9 Ways Technology Is Slowly Killing Us All - InformationWeek

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6/24/2015
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Kelly Sheridan
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9 Ways Technology Is Slowly Killing Us All

The cost of technology addiction goes beyond pricey gadgets. Connectivity also affects vision, memory loss, weight gain and self-esteem.
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(Image: 742680 via Pixabay)

(Image: 742680 via Pixabay)

When we were young, technology addiction didn't merit as much concern as scraped knees and broken Legos. For today's youth, however, digital starts to take its toll as early as infancy.

If you haven't yet seen the development of tech addiction among today's youth, visit a family restaurant. Kids are fighting over iPads and iPhones, or silently engrossed in their own devices. Parents often stick a smartphone, or "digital babysitter" under the eyes of rowdy children to calm them down.

"They don't realize what it's doing," says Ben Halpert, vice president of risk and corporate security at Ionic security, and founder of nonprofit Savvy Cyber Kids. The seeds of technology addiction are planted earlier than ever.

[Women in Tech: Facing Roadblocks, Finding Solutions]

As they grow up, children are constantly encouraged to go online. Today's TV shows encourage live-tweeting; McDonald's Happy Meals let kids interact with their toys on the Internet.

"They're addicted before they even know what's happening," Halpert emphasizes. The boost in screen time increases the likelihood that children will experience low self-esteem, relationship problems, and difficulty with social interaction.

The problems related to tech addiction follow children as they develop into teens and enter adulthood.

"This is an issue for kids, for preteens, for teens and for adults," says Halpert. Adults addicted to technology also suffer from strained relationships and social problems. Those who have digital overload often aren't familiar with facial expressions and hand/eye movement that people frequently use to communicate.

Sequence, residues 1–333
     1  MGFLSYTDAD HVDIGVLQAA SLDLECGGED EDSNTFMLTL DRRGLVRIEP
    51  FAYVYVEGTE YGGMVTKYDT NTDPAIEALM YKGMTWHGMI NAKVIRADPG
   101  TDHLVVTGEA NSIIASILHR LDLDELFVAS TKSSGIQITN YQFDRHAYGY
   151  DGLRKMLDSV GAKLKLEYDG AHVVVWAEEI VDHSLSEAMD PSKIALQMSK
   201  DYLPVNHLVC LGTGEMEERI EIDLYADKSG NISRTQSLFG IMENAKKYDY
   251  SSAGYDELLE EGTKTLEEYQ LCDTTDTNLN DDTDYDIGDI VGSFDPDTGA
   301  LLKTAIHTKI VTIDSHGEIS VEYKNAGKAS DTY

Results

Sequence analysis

Unfortunately, the problems associated with excessive digital dependence go far beyond social awkwardness. Adults who get too much screen time are also known to suffer from insomnia, short-term memory loss, eye irritation, and spinal damage.

Technology may have the potential to improve your health, but it can also be dangerous. Are you spending too much time online? Read on to learn more about the ways that excessive tech dependence could be damaging your health.

Kelly Sheridan is the Staff Editor at Dark Reading, where she focuses on cybersecurity news and analysis. She is a business technology journalist who previously reported for InformationWeek, where she covered Microsoft, and Insurance & Technology, where she covered financial ... View Full Bio

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impactnow
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impactnow,
User Rank: Author
6/25/2015 | 12:11:20 AM
Positives and negative

I am guilty of some of these vices but I still think that there are benefits to the evolution of tech. The challenge for users is balancing all the great positives of our devices with the negatives. Many vices we enjoy have the potential for addictive behavior if not managed and tech is just another one on the list. Awareness is the first step to addressing the issues.